We have historically had some other international work primarily in Afghanistan and Iraq to support the war efforts. If you look at our international work, it is lower risk. We are working -- doing government work or doing work for large U.S companies, so we had very little exposure traditionally to any international companies and any risk that would be associated with them.

Some of the significant projects that are driving performance, let's start with the various New York MTA projects. For these, this is the East Side Access projects for those of you that are familiar with that. We’ve been the dominant contractor to extend the Long Island Railway railroad from Queens into the Grand Central Station. This is a significant project for us or significant series of projects for us that continues to do well. I talked about how there's good news in the current year when you compare it to where we were last year.

Not only have the projects continue to perform well, we had a $662 million additional award [ph] CM007 in the first part of this year, so in Q1. So that has continued to provide us with additional backlog and a significant opportunity to earn Civil margins.

The next on the list we’ve already talked about, the Alaskan Way Viaduct. Skipping onto the California High-Speed Rail, we were awarded the first phase called CP1 Construction Phase 1 of high-Speed Rail. And this is a over 30 mile line that goes from Madera to Fresno. This is grading, drainage, and structural work. So we’re not really doing the rail itself. So, it's more a basic civil work and that is going very well. So, again, focusing on some of the improvements from over a year-ago.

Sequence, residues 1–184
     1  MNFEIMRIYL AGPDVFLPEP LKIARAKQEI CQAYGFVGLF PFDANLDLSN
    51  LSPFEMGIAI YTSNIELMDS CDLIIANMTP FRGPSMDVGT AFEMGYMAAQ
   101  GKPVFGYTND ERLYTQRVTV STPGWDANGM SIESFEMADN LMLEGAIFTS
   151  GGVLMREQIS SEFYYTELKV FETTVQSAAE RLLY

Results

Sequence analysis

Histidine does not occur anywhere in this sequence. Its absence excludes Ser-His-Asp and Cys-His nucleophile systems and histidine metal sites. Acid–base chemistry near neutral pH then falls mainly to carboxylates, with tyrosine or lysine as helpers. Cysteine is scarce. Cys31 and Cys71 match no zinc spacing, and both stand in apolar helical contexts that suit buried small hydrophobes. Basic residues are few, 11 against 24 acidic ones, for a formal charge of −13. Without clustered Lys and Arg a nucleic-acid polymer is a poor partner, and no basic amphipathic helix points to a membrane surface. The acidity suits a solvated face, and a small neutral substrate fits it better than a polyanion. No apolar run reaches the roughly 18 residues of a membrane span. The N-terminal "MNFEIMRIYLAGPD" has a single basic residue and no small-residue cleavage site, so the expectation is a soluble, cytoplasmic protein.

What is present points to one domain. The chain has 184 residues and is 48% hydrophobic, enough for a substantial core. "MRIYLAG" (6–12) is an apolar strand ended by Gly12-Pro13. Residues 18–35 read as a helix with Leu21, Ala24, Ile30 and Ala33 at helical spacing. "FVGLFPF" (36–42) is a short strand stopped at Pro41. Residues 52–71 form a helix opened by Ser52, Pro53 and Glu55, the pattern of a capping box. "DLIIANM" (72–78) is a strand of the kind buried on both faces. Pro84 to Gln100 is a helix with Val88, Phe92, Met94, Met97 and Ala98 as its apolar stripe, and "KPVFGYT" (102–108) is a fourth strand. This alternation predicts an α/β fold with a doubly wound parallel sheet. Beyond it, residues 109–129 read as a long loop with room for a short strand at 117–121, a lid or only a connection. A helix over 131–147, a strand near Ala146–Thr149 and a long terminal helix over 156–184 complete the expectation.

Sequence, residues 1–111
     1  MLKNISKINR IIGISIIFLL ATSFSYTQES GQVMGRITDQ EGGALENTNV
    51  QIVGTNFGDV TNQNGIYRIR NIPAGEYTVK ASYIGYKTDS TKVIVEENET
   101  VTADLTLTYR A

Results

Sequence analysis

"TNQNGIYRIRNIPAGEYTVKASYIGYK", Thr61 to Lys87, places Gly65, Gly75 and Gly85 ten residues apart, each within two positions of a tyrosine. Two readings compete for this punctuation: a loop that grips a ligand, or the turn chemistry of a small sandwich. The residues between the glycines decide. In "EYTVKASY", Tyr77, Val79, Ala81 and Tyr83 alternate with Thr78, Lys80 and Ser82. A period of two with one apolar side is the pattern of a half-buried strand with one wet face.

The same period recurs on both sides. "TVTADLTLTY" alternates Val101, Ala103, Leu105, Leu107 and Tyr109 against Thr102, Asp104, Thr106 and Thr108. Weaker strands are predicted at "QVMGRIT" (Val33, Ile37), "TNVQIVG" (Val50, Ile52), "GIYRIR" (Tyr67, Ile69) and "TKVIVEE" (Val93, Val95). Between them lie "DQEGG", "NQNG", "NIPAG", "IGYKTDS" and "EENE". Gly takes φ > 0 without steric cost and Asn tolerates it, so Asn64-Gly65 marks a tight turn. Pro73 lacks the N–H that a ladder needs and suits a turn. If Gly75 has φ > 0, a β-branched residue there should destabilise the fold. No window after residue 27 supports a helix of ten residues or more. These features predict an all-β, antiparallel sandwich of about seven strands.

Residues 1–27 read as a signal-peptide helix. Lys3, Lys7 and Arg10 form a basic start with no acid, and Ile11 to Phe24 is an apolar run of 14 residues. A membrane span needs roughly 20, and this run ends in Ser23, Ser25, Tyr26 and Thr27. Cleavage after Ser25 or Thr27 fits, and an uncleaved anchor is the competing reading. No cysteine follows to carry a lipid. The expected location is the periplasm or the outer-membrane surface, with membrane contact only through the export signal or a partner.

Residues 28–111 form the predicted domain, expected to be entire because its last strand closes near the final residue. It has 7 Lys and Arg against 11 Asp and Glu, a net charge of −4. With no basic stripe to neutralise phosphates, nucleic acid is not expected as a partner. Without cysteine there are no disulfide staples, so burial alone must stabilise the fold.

Last year we talked about various rights-of-way issues that we had, difficulty getting access in order to be able to execute this project, a lot of those rights have come in and we are starting to make a very good progress. The project is now bumped up to around 20% complete and a very successful project for us at this point. We can expect it to continue in that regard.

The next one is Hudson Yards Platform and Tower D. Hudson Yards, for those of you that don't know is the largest private development that has ever been done in the history of United States. It is also the largest land development project in Manhattan, since the Rockefeller Center. So it's a very significant project. There's a variety of phases of the project, if you will, provide a lot of pieces of the project. There is a retail large retail building, there's mixed-use facilities there, just a very high-end type of effort. There's also a lot of these buildings that are being constructed on top of a platform over a rail yard and we also did the platform. So a very complicated project, but a very significant project for the Company.